Billy Two Rivers and the representatives of Van Morrison have an agreement-in-principle to settle Two Rivers’ lawsuit against the musician and his record and promotion companies. No dollar figure has been released, which will likely remain confidential. No word on whether or not Two Rivers’ iconic image of his wrestling in the United Kingdom in the early 1960s will remain on the album cover. Although that image remains on Van Morrison’s website as of press-time.
It may have been more than 40 years since Billy Two Rivers last stepped into a wrestling ring for a professional bout, but that doesn’t mean he’s willing to give up everything he accomplished in his career. The world famous wrestler from Kahnawake made a name for himself by wrestling professionally in the United Kingdom in the 1950s and 60s. It’s an image from that time in his life that has now popped back up on the world stage, but not in any ring.
The true origins of lacrosse will be on display next month as the Canadian Lacrosse Association (CLA) celebrates its 150th anniversary. The fact that the modern game coincides with Canada’s birthday is no accident. It is believed that lacrosse was brought to the rest of the country by George Beer, who learned to play it in Kahnawake in the 1840s. Louis Delisle is a student of the game. He also happens to be enshrined in the Ontario Lacrosse Hall of Fame.
Muck Rack makes it simple to find people, tweets, or articles that mention any name, keyword, company, hashtag etc. We've compiled this guide to help you make the most of your search.
Selecting a term
Start searching tweets, articles from media outlets, articles mentioned in tweets, journalists'
names, titles and bios with some suggested searches:
Companies or Topics (e.g. iPhone, Microsoft)
Phrases (e.g. "cloud computing") — use quotes to keep the terms together
Twitter handles (e.g. @username) — returns those who have mentioned or replied to
Names (e.g. "David Pogue")
Hashtags (e.g. #sxsw, #london2012)
Bio details (e.g. vegan, Olympics, father)
Muck Rack's Advanced Search allows for many boolean operators.
Find results that mention multiple specified terms, use AND or
+. For example, ensure each result contains both Elon Musk and Mark Zuckerberg by
searching Obama AND Romney or Obama + Romney.
Use the operators OR or , to broaden your search when you'd like either of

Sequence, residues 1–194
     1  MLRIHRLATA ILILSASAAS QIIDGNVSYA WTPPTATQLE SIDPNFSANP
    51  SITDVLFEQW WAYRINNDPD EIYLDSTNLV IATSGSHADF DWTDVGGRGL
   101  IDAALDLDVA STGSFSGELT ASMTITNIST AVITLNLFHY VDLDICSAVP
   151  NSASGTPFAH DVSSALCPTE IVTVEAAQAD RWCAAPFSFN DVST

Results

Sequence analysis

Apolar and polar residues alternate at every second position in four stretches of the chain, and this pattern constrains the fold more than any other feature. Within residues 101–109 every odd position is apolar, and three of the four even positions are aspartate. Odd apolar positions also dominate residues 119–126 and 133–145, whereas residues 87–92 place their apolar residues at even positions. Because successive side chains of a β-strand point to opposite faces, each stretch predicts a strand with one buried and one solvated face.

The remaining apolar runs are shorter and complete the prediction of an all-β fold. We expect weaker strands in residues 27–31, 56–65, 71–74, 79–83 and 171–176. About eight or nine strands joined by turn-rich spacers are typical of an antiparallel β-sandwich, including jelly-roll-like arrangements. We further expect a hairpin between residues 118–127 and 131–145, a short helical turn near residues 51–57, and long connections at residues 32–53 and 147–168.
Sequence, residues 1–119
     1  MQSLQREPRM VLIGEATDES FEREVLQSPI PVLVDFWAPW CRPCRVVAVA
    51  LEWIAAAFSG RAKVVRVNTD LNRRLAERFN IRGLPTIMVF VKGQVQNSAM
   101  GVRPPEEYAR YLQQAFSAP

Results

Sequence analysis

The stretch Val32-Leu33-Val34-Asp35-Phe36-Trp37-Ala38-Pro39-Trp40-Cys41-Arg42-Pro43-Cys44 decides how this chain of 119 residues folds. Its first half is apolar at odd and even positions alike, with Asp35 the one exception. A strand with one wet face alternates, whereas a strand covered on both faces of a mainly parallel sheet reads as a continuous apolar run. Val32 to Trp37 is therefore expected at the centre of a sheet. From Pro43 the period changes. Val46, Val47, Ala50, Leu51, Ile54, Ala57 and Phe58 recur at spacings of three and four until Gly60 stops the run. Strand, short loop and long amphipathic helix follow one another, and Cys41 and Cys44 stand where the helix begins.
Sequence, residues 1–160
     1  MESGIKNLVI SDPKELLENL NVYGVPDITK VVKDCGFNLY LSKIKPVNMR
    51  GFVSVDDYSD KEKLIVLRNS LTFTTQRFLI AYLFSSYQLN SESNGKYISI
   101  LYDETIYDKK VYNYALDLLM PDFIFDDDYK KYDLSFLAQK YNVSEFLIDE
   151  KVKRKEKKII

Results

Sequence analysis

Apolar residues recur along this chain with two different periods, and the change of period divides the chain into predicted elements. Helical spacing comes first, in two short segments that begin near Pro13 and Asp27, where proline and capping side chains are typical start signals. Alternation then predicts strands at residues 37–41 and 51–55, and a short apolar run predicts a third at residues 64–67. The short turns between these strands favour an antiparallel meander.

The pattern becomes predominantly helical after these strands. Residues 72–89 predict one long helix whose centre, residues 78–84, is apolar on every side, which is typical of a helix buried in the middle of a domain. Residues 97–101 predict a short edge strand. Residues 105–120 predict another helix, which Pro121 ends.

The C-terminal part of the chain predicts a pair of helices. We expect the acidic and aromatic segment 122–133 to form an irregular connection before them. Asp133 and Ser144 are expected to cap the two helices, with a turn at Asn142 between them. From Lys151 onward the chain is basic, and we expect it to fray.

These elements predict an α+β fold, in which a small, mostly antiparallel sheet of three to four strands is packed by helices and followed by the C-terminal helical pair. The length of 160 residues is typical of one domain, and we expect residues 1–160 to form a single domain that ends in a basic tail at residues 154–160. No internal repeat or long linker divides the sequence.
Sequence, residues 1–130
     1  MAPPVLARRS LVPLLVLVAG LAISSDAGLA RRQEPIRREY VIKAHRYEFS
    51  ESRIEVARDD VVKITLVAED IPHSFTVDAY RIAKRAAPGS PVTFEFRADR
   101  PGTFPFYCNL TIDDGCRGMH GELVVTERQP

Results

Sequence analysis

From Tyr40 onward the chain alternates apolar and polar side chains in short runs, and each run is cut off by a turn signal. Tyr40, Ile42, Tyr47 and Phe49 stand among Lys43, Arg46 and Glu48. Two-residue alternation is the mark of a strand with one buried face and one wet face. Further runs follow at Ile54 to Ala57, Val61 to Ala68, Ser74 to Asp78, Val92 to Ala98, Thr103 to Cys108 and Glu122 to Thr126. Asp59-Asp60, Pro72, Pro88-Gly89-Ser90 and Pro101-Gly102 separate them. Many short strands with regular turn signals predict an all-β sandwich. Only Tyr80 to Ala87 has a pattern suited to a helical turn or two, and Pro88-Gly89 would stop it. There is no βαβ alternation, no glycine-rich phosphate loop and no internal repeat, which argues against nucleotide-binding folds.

multiple terms to appear in results. (This is the default behavior of our search when no operators
are used.) For example, search for democrat OR republican to find results that refer to
Democrats and/or Republicans.
Use NOT or - to subtract results from your search. For
example, searching Disney will yield results about the Walt Disney Company as well as Walt Disney
World Resort. To exclude mentions of Disney World, search for Disney -World or Disney
When using one of these operators with a phrase, enclose it in quotation marks. For example, you can
find results about smartphones excluding Apple's iPhone 4S by searching smartphone -"iPhone
Exact case matching or punctuation
If you're searching for a brand name or keyword that relies on specific punctuation marks or capitalization, you can
find results that match your exact query by adding matchcase: before the keyword you're searching for, like matchcase:E*TRADE .
Use parentheses to separate multiple
boolean phrases. For example, to find journalists talking about having fun in Disney World or
Disneyland, search for ("disney world" OR disneyland) AND fun.
An asterisk can be used to search for any variation of a root word truncated by the asterisk. For example, searching for admin* will return results for administrator, administration, administer, administered, etc.
A near operator is an AND operator where you can control the distance between the words. You can vary the distance the near operation uses by adding a forward slash and number (between 0-99) such as strawberries NEAR/10 "whipped cream", which means the strawberries must exist within 10 words of "whipped cream".